Archive for ‘30 day book challenge’

March 30, 2012

30 day book challenge- Day 30- Your favorite book of all time

To me, my favorite book of all time could only be a one which answered all the questions of this challenge with the exception of being overrated, a book I have hated, the first book I remember reading or a book that disappointed me.

It is the best book I read last year, which makes it also a book I read often. It is (sort of) in my faovrite series, as well as being a guilty pleasure that inspires both happiness and sadness in me and sometimes even tears. Highly underrated, it is a book I though I wouldn’t like but did, not to mention being my favorite classic and my favoured work by my favorite author. It is a book that more people should read and one that should be on every college reading list as a warning for the ignorant and small minded not to mention that it contains some of my faourite quotes. It is my favorite book that  turned into a movie (which was also partially desecrated), is favorite book from childhood which made me fall back in love with reading at a time where I was bored with its predictability. It has changed my opinion, has a surprising plot twist and in a nutshell is my favourite book title of all time.

In case you hadn’t already guessed from the picture to the side, my favorite book of all time is the short story ‘The Painted Veil’ by W. Somerset Maugham and the title is taken from for a Shelly sonnet. The story follows a very shallow Kitty who marries the highly intellectual Walter Fane, a bacteriologist who lives in China and who falls madly in love with her. The marriage, on Kitty’s part is motivated purely so she can be married before her younger sister, and to get away from her mother. Bored with life in Hong Kong, and a husband whom she doesn’t understand, Kitty begins an affair with the well-regarded Charles Townsend. Caught by her husband, Kitty is forced to choose between accompanying her husband or being scandalously divorced by him. What follows is Kitty’s growth into a woman and her gradual realization of her own mistakes and shallow nature without making her into a different human being, a hero or something amazing- simply a real woman realizing things about herself. Beautifully written, Somerset Maughan manages to write a book that is both incredibly interesting and spectacularly well written. A real triumph, and thus my favorite book of all time.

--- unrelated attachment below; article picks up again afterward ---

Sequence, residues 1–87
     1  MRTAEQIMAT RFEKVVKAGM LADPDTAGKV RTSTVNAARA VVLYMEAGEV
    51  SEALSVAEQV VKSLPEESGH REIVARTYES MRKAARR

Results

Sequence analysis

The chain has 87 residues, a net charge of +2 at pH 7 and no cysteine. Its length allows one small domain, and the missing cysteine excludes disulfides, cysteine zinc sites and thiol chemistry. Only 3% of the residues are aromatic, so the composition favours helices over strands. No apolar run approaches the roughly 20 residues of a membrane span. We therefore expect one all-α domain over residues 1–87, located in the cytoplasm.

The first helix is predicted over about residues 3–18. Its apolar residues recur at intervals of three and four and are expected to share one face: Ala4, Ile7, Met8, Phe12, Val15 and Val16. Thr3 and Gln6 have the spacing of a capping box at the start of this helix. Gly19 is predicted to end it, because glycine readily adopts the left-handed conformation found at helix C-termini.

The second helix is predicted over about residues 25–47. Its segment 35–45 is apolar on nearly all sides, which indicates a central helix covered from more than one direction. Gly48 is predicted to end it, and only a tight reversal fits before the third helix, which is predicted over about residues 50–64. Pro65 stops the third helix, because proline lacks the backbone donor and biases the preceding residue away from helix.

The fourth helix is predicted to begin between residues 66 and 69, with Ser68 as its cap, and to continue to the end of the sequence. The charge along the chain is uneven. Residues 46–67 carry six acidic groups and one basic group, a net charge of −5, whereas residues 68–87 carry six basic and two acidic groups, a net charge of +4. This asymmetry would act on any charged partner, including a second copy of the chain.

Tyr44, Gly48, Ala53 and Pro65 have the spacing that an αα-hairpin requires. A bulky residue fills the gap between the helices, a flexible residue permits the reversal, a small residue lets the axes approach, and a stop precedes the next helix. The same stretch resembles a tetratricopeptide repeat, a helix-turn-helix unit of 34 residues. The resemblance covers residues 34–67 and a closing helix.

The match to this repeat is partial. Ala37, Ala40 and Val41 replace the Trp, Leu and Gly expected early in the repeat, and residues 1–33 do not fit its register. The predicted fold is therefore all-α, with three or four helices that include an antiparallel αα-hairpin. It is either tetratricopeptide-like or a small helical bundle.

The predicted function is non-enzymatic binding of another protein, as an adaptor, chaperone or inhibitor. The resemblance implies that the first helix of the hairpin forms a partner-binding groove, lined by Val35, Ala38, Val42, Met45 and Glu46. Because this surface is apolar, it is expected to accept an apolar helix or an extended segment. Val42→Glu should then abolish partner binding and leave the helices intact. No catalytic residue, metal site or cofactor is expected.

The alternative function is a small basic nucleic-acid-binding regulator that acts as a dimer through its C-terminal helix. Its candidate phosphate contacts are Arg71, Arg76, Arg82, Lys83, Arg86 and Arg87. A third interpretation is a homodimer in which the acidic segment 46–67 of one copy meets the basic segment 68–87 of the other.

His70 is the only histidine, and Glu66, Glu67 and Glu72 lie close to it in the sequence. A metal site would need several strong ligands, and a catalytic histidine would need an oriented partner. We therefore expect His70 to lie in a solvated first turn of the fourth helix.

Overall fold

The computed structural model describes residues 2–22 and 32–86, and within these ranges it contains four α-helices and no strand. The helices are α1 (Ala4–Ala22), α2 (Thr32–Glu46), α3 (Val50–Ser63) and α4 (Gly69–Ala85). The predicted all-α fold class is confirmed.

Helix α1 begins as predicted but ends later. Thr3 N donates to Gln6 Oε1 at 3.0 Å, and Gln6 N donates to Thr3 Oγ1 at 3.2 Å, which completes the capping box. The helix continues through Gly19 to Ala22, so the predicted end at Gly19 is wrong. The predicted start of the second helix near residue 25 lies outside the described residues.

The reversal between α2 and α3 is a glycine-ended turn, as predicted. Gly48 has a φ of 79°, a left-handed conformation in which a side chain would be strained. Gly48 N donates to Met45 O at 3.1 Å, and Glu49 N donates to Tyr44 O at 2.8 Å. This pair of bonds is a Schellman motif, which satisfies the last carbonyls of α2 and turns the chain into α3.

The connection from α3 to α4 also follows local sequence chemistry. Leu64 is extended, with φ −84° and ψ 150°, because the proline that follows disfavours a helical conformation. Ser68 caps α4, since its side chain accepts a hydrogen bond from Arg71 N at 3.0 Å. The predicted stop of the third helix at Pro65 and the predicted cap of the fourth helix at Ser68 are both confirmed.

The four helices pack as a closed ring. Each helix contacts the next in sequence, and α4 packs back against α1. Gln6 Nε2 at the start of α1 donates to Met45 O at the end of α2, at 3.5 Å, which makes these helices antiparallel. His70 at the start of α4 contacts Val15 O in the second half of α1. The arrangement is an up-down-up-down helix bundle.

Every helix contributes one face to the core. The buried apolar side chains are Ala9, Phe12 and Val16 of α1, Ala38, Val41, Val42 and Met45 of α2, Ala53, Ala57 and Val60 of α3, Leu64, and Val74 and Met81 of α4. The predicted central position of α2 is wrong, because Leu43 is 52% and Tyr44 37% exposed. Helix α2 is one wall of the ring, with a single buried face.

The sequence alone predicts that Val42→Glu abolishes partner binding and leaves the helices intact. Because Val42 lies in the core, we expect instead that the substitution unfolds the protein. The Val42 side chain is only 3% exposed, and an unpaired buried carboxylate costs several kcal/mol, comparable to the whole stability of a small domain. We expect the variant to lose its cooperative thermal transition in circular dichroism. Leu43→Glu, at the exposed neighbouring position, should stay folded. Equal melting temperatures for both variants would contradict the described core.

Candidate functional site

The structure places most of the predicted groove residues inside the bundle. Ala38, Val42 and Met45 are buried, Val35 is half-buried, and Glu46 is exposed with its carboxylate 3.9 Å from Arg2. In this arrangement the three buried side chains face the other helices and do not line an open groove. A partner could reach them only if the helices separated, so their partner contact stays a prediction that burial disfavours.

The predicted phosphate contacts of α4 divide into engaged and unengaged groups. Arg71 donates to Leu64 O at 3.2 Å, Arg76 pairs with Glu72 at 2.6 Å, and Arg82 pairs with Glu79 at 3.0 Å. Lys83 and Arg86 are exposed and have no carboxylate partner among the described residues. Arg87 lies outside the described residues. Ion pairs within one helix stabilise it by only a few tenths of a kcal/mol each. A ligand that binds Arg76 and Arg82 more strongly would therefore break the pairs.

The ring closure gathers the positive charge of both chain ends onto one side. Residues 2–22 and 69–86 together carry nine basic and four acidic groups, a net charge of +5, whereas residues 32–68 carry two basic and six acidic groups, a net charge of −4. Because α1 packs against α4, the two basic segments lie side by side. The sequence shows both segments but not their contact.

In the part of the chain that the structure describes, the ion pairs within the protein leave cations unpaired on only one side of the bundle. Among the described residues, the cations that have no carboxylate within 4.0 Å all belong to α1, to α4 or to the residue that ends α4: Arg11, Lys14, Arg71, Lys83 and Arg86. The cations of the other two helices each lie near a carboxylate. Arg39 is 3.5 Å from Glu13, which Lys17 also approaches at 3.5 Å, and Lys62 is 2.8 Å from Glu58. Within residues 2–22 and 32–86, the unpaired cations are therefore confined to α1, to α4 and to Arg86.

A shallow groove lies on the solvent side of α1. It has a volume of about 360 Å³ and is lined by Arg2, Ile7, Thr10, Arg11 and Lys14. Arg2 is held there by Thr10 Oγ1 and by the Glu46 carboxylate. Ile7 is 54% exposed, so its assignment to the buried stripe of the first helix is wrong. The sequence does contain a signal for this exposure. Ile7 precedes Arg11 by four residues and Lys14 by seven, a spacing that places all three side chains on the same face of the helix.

Also, I love the film with the exception of their slightly change to the plot: 

March 29, 2012

30 day book challenge- Day 29- A book that makes you cry

Before I write about this, I will clarify the title- it is not so much about a book that makes me cry, it is about a moment in a book that is so emotional, or a character written so well that something which happens them provokes a physical reaction. I don’t just bawl my way through the entire novel on the train- never fear!

Book one which makes me do this is Little Women by Louisa May Alcott. Alcott is a like an American Austen and what’s not to love about this heart warming novel that follows the lives of four sisters- Meg, Jo, Beth and Amy March as they turn into little women. Even though it’s been years since I’ve read it, Little Women is still a book (and film) that makes me cry- normally only when Beth dies as she is such a kind and sweet character whose death just seems to highlight everything that is wrong in the world. Being an only child I also spent a lot of my childhood being attracted by the idea of four sisters, so the death of Beth spoiled this perfect image of the four-child family.

Another book that makes me cry- or moment in a book, to be more exact, is actually the death of Dumbledore in Harry Potter. Something about that death is so utterly devastating to me that tears ran down my cheeks from the moment of his death till the end of the book. I even had to go ask my mum for a cuddle.